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        Christian Clothing                                                                    (PDF version here)


Scripture Standards for Dress and Conduct



7. Conclusion

We know from the Word of God that our bodies must be clothed, that they must be covered according to the will of God expressed in Scripture and taught by nature itself, and that women must be clothed distinctively from men. We must therefore, in love to God and our neighbours, endeavour in the strength of Jesus Christ to set a holy example in wearing only such clothing as we know to be pleasing to Him. “For ye are bought with a price: therefore glorify God in your body, and in your spirit, which are God’s” (I Cor. 6:20). That the man may not wear dainty, effeminate styles of clothing, and that the woman, created for the domestic sphere, ought to be covered with modest long dresses (or equivalent garments such as skirts and blouses), is seen in Scripture, the example of our godly forebears, and from the light of nature itself. “The purity of the heart will show itself in the modesty of the dress, which becomes women professing godliness”,[1] observes Matthew Henry. Moreover, far from procuring any advantages and dignities that pertain to men alone, the woman who behaves and dresses like a man loses that comeliness, those graces and benefits peculiar to the tender sex, that are too rare in these times.[2]

These things should be carefully weighed up by those whose hearts’ desire is to please their Lord and Saviour. If we love God because He first loved us, let us demonstrate our heart’s love for Him and, being clothed with the imputed righteousness of Christ, let us put off the body of sin and live in holiness, as doers of the word and not hearers only, deceiving our own selves (James 1:22). Instead of succumbing to the wiles of our adversary we must believe Him to be faithful who promised to our father Abraham so long ago, “That he would grant unto us, that we being delivered out of the hand of our enemies might serve him without fear, In holiness and righteousness before him, all the days of our life” (Luke 1:74, 75).

But are you an unbeliever, still in slavery to sin and Satan? Are you afraid to die and meet Jesus, your Maker, as Judge? Then come to Him for safety from the wrath of God; come now and be reconciled, be justified by faith in His blood and not by the law which you have broken (Gal. 3:11). Faith alone will justify and sanctify a man, so that he may say, “Surely . . . in the LORD have I righteousness and strength” (Isa. 45:24). God has graciously chosen multitudes to be saved through His Son, and none who comes to Him will be cast out (John 6:37). So may the Lord pour out His Holy Spirit upon this generation, plucking sinners as brands from the burning, converting them from the power of Satan unto God, that they may receive forgiveness of sins and inheritance among them which are sanctified by faith that is in the Lord Jesus Christ (Acts 26:18). Then will the tide turn on the curse of doctrinal liberalism and theological scepticism, and men will look to Mount Zion, to the Church of the living God and sing,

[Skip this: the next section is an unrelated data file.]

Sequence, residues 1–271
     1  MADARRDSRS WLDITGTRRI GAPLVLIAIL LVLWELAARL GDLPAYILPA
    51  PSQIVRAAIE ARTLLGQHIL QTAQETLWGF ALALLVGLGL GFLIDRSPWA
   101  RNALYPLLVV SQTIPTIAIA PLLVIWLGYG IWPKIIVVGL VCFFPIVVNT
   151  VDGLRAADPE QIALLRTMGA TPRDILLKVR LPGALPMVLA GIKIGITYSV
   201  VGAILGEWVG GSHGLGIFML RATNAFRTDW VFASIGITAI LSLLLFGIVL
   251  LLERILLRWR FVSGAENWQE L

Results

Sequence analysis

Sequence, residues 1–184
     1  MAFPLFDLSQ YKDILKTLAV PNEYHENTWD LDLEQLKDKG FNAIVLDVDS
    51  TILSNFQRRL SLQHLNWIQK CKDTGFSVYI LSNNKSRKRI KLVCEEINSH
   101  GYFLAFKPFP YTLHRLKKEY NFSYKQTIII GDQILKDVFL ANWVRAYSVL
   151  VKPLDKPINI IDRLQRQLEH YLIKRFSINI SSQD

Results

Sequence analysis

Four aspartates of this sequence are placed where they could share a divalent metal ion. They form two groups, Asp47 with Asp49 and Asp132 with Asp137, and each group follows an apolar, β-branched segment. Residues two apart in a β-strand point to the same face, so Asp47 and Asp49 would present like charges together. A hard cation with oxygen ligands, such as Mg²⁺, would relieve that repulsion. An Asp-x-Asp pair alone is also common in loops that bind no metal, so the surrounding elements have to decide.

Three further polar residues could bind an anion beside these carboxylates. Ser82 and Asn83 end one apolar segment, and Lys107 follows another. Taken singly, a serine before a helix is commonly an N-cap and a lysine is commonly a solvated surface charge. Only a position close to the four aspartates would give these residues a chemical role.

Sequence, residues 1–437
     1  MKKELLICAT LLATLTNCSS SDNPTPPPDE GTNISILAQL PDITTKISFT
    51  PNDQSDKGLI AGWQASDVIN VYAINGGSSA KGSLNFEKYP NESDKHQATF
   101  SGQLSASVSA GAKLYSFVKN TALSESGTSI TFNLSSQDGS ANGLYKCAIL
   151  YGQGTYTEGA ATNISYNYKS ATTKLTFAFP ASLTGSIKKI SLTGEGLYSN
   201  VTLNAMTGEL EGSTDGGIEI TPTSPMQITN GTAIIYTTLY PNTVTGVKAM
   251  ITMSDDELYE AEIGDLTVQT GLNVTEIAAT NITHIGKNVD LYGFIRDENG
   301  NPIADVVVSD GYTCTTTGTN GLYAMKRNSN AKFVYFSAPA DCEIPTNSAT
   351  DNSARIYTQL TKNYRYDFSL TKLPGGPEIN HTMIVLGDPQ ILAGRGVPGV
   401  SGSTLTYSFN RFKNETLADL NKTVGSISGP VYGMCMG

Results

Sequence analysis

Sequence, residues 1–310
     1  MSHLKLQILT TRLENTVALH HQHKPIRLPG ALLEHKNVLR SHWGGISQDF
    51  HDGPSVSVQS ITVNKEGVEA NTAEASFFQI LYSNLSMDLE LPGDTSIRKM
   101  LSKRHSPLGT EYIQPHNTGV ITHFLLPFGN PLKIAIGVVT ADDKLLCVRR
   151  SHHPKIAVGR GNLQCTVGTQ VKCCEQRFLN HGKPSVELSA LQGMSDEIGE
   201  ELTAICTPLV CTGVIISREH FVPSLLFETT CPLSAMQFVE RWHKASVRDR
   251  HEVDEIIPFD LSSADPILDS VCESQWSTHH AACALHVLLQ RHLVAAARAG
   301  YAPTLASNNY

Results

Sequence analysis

Great is the Lord, and greatly he is to be praised still,

Within the city of our God, upon his holy hill.


   Mount Sion stands most beautiful, the joy of all the land;

The city of the mighty King on her north side doth stand.


   The Lord within her palaces is for a refuge known.

For, lo, the kings that gather'd were together, by have gone . . .      


   Walk about Sion, and go round; the high tow'rs thereof tell:

Consider ye her palaces, and mark her bulwarks well;


   That ye may tell posterity. For this God doth abide

Our God for evermore; he will ev'n unto death us guide.


 (Psalm 48:1-4 & 12-14, Scottish Psalter, 1650)


[1] Matthew Henry on Prov. 7:10, Commentary, vol. 3, p492.

[2] John Chrysostom: “But if any say, ‘Nay, how can this be a shame to the woman, if she mount up to the glory of the man?’ we might make this answer; ‘She doth not mount up, but rather falls from her own proper honour.’ Since not to abide within our own limits and the laws ordained of God, but to go beyond, is not an addition but a diminuation. For as he that desireth other men’s goods and seizeth what is not his own, hath not gained any thing more, but is diminished, having lost even that which he had, (which kind of thing also happened in paradise:) so likewise the woman acquireth not the man’s dignity, but loseth even the woman’s decency which she had. And not from hence only is her shame and reproach, but also on account of her covetousness” (Homily 26, On the Veiling of Women).

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